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Palestinians and Israel’s Constitutional Turmoil

posted on: Apr 5, 2023

Palestinians and Israel’s Constitutional Turmoil
A Protest Against Levin’s Legal Revolution. Azrieli Junction, March 4, 2023. Photo by Amir Terkel: Wikicommons

By: Bishara A. Bahbah / Arab America Featured Columnist

As Palestinians watch with amazement the popular revolt over the Israeli Prime Minister’s attempts at controlling Israel’s judicial system, how should Palestinians conduct themselves and why?

The first instinct is, if my enemy’s house is on fire, then let it burn.

Palestinians have believed, for a very long time, that given Israel’s social, ethnic, and religious composition coming from different countries, backgrounds, and traditions, Israel’s fabric would inevitably weaken and divide the country.

Israelis care most about their democracy, their Jewishness, and their security.

In a bold move, Benjamin Netanyahu fired his defense minister but has not implemented the decision. The defense minister had warned that civil upheaval threatened the country’s security because of the proposed so-called judicial reform. The firing was widely seen as serving Netanyahu’s interests, not those of Israel. Israelis are already up in arms over Netanyahu’s attempts to “overhaul the judicial system” primarily to shield himself from indictments for “bribery, fraud, and breach of trust.”

Those two moves demonstrated Netanyahu’s contempt for Israel’s democracy and security. Quickly after the firing, instant demonstrations spread throughout the country, calling on Netanyahu to back down and, at the very least, postpone or modify his proposed judicial amendments.

Even though Netanyahu declared last Monday a pause in the change of the judicial process till after Passover, only naïve and delusional Israelis would believe what Netanyahu says. Palestinians know Netanyahu possibly better than many Israelis. Since the Oslo Accords, Netanyahu has been lying about the implementation of Oslo. He declared his support for a two-state solution then recanted, and the list of Palestinian grievances about Netanyahu is the length of the red carpet accorded to the Arab countries who have established ties with Israel. In short, Palestinians believe that Netanyahu is a habitual liar. Now, it is the Israelis’ turn to find out how Netanyahu has lied repeatedly. His main concern is the consolidation of his power, at any cost.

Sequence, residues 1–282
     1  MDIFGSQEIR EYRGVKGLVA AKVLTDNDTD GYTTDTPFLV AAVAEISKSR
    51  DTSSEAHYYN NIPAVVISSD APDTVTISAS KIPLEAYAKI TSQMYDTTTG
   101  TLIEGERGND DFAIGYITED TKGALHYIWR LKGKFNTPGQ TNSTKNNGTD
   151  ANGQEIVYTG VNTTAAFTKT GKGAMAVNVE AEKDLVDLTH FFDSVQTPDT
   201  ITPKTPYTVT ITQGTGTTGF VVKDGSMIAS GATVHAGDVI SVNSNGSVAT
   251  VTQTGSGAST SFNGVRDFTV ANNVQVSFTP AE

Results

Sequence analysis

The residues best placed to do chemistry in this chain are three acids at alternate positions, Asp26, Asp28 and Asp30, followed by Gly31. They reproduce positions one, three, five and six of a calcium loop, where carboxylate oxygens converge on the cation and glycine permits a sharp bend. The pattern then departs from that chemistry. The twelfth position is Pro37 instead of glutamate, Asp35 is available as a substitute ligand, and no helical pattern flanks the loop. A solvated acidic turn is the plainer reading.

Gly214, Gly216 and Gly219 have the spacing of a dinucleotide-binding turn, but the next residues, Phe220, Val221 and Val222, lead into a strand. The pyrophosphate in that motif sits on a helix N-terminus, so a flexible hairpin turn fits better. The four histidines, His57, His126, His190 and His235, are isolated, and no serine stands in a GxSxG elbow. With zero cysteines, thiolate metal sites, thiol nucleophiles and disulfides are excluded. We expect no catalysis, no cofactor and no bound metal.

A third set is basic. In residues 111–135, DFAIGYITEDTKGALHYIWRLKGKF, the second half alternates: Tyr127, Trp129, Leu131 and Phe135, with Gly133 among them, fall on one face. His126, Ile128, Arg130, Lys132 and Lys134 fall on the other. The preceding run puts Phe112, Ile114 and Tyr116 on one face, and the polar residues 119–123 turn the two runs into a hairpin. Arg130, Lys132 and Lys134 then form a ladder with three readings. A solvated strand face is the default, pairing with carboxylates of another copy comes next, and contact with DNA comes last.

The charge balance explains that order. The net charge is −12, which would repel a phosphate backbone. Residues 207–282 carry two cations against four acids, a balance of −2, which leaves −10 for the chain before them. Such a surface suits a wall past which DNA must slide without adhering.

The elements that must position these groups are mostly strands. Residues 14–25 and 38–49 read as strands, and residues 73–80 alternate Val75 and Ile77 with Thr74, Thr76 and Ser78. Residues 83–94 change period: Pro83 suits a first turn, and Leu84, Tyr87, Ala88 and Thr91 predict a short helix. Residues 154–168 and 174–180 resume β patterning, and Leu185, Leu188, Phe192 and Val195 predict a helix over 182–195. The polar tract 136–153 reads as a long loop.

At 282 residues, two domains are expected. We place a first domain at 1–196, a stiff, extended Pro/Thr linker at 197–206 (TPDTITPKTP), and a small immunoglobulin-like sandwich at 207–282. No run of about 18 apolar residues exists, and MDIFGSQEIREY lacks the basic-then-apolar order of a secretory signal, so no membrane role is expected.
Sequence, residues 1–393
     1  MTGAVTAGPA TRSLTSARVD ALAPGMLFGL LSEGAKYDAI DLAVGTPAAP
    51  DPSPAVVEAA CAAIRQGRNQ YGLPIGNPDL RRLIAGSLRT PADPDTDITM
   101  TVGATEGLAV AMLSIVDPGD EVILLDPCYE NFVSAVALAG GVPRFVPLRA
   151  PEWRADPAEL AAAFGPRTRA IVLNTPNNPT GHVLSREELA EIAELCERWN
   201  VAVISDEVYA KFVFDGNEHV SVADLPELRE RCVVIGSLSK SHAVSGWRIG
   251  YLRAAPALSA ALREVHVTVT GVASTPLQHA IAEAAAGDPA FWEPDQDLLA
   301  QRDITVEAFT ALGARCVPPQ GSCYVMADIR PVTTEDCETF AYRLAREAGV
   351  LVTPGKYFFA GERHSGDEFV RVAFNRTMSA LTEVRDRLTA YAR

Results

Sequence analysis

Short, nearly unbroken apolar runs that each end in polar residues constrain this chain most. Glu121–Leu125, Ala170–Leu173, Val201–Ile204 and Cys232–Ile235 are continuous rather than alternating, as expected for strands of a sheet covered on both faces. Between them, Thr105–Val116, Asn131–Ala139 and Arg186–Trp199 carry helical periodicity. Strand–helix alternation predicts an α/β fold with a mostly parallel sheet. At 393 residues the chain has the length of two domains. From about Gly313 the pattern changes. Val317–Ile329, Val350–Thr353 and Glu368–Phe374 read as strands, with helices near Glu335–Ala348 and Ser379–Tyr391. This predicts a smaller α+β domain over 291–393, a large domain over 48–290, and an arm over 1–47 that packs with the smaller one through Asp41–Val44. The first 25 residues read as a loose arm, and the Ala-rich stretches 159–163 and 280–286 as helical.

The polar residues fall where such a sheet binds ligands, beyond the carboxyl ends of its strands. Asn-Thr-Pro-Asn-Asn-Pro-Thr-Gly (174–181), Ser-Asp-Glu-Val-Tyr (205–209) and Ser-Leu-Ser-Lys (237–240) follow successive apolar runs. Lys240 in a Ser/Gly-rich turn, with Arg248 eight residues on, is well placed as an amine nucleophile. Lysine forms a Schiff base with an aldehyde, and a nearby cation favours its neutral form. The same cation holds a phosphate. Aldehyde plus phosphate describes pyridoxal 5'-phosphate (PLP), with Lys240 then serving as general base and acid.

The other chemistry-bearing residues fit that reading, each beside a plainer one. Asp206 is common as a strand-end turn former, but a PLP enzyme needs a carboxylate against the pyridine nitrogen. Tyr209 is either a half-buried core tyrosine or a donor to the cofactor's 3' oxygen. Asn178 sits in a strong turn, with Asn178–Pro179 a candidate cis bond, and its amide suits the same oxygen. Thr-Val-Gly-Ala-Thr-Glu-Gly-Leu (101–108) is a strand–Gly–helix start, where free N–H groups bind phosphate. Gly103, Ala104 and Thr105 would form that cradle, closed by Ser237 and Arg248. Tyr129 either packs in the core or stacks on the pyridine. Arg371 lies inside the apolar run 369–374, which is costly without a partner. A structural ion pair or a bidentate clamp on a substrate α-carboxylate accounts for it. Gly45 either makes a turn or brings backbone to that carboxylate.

Other Palestinians envy the Israeli people’s uprising to preserve their democracy. Ironically, with Israel’s full consent and sometimes active support, any loud voices of dissent among Palestinians calling for reform in their government have been squashed without mercy. Maybe now that Israelis fear for their democracy, they might start thinking about what their government has done to the Palestinians by occupying their land and depriving them of their inalienable right to live in their own independent and free democratic state.

Despite the spike in violence this year and last among Palestinians fighting Israel and the vigilante settlers who attack without restraint, Palestinians should lay low. The outrage of Israeli Jews against Netanyahu is a welcome relief to Palestinians. Let the racist pro-settler government be hammered by its people.